September 24th, 2009
04:28 PM ET
9 years ago

Poll: New Yorkers say White House should 'butt out'

New York voters want President Barack Obama to stay out of their state's politics, according to a new poll.

New York voters want President Barack Obama to stay out of their state's politics, according to a new poll.

WASHINGTON (CNN) - New York voters want President Barack Obama to stay out of their state's politics, according to a new poll.

More than six out of 10 New Yorkers questioned in a Marist College survey released Thursday said it's wrong for the White House to suggest that Gov. David Paterson not run next year for election to a full term. Just over a quarter said that the Obama administration is well within its rights to get involved.

The poll suggested that even a majority of Democrats, 51 percent, believes that the White House is meddling in their state's affairs. More than three quarters of Republicans questioned and nearly two thirds of Independents agreed.

The survey of New York voters was conducted Tuesday, a day after the White House refused to confirm or deny a report that President Barack Obama urged Paterson not to seek a full term in 2010.

Speaking to reporters aboard Air Force One Monday, White House Press Secretary Robert Gibbs - asked about a New York Times report from Sunday which said that Obama "sent a request" to Paterson urging him to step aside from the governor's race - said Paterson is in a "tough situation" and said ultimately the decision on whether or not he is going to make a bid to keep his job next year is one "that he's going to make."

Informed sources earlier this week told CNN that White House Political Director Patrick Gaspard met early last week with the Democratic governor to let him know about the administration's concerns he could not win the governor's race next year - a problem that could affect races down-ticket, not the least of which the Senate seat now held by Kirsten Gillibrand. The White House decision to approach Paterson, said one source, "was driven by the poll numbers. There doesn't seem to be any way he can recover."

Paterson, who was lieutenant governor when a scandal led to then-Gov. Eliot Spitzer's departure from the office in March 2008, has said he's running next year for a full term as governor. But Wednesday, Patterson appeared to suggest for the first time that he might not run for election next year.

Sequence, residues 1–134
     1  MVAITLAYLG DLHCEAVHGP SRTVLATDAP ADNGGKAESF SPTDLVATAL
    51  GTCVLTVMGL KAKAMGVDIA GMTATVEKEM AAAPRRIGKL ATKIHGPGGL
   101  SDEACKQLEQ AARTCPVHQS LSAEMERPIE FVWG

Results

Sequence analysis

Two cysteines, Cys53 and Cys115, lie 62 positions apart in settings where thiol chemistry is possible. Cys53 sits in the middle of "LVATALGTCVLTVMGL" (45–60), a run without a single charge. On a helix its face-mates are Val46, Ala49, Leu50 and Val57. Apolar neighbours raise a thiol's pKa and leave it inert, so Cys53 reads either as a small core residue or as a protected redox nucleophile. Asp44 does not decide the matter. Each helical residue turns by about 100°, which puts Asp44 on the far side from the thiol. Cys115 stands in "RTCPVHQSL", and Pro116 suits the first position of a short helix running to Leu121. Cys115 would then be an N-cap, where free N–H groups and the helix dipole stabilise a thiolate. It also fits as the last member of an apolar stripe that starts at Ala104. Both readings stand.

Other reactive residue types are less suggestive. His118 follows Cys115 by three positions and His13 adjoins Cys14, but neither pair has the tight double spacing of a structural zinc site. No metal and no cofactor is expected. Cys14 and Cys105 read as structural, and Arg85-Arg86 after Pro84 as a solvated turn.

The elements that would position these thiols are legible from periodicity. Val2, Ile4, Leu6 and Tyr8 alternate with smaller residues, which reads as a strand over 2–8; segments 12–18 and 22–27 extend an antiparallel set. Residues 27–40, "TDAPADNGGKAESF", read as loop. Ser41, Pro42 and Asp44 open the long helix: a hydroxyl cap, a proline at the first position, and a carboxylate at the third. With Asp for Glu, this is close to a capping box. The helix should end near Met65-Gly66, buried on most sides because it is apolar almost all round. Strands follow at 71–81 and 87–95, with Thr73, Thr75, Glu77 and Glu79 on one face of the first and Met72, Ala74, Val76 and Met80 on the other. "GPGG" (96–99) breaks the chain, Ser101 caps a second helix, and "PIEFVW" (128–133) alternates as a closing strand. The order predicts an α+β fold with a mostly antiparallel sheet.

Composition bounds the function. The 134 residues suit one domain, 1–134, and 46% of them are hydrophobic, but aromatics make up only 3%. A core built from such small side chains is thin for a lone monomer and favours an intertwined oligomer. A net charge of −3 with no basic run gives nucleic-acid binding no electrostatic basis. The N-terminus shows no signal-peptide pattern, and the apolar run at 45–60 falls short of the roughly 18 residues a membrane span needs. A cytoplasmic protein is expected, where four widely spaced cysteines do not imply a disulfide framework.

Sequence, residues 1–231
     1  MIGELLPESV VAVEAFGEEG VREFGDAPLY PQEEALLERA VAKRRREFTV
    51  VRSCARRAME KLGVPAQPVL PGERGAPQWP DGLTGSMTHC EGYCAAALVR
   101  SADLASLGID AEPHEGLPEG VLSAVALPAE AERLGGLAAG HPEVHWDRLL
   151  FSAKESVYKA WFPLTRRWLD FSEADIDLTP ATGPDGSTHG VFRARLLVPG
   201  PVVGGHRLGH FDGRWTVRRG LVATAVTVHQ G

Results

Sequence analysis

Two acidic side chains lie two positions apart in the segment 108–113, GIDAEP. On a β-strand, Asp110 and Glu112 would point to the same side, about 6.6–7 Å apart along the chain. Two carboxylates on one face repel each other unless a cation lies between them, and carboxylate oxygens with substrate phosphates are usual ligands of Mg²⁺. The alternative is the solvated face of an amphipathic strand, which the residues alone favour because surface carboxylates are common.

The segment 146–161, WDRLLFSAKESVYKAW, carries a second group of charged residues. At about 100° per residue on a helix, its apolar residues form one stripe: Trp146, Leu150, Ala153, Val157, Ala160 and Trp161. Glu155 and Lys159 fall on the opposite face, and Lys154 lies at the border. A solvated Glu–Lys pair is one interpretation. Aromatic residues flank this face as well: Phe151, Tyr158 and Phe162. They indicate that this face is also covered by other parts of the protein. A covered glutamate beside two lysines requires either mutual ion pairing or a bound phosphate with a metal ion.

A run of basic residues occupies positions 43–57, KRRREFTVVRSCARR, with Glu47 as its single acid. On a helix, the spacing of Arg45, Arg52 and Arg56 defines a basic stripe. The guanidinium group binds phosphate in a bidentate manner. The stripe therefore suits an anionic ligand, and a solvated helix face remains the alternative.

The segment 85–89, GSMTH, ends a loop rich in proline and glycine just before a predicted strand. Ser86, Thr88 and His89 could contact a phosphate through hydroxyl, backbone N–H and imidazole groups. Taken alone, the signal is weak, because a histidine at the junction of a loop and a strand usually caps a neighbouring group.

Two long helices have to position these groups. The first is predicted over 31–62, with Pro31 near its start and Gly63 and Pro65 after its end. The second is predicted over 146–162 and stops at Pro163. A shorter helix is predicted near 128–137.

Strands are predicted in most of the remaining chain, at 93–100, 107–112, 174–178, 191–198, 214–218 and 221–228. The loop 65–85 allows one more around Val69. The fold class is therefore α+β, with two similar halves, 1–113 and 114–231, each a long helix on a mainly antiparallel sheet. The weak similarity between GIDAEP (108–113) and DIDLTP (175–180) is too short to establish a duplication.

"If I got to a point where I thought that my candidacy was hurting my party, obviously it would be rather self-absorbed to go forward" Paterson said at a luncheon in Syracuse that was reported by both the Times and the New York Daily News.

Recent polls of New Yorkers indicate that Paterson trails New York Attorney General Andrew Cuomo by a greater than 3 to 1 margin in a hypothetical Democratic primary matchup. Cuomo, the son of former three-term Gov. Mario Cuomo, has not indicated whether he'll challenge Paterson.

Obama met with Cuomo and other top New York state officials Monday when he was in upstate New York for a speech on the economy and education. Paterson did not attend the meeting, but did greet the president at an airport arrival. Obama recognized the governor at the top of his speech.

Rep. Dan Maffei, a first term Democrat who represents voters in upstate New York, says "I, for one, welcome the president's involvement."

"Clearly, the situation in New York is unusual and requires leadership at a greater level than anyone in New York can provide," added Maffei in comments first reported by The Politico.

Recent polls also suggest that Paterson trails possible Republican challenger Rudy Giuliani by double digits in a hypothetical general election matchup. Giuliani, the former New York City mayor and 2008 GOP presidential candidate, has said he'll make up his mind later this year whether he'll mount a bid for New York governor.

Rick Lazio, a former Republican congressman from Long Island who lost to then-first Lady Hillary Clinton in the 2000 Senate battle in New York, announced his own gubernatorial run Tuesday. Recent surveys suggest Paterson holds a narrow lead over Lazio in a hypothetical matchup.

The Marist poll indicates New Yorkers are split on whether Paterson will hurt other Democrats running for election in 2010. Among Democrats only, 48 percent believe he'll have a negative impact with 36 percent saying he will not hurt other candidates from his party.

But the argument that Paterson's candidacy could have a negative impact on other Democrats running for office in New York State doesn't change minds, even among Democrats. According to the survey, only 42 percent of Democrats agree with the White House, with 48 percent saying it was wrong for the White House to put pressure on Paterson.

The poll also indicates that only a quarter of all voters want Paterson to run for re-election and only 17 percent think he's doing a good or excellent job as governor.

The Marist College poll was conducted on September 22, with 616 New York State voters questioned by telephone. The survey's sampling error is plus or minus four percentage points.

Filed under: Popular Posts • President Obama • Robert Gibbs
soundoff (295 Responses)
  1. Jackie in Dallas

    And without being present, how would anyone know that President Obama put any sort of pressure on the Governor (which I doubt)? Hmmm? A breach of confidentiality is a serious thing.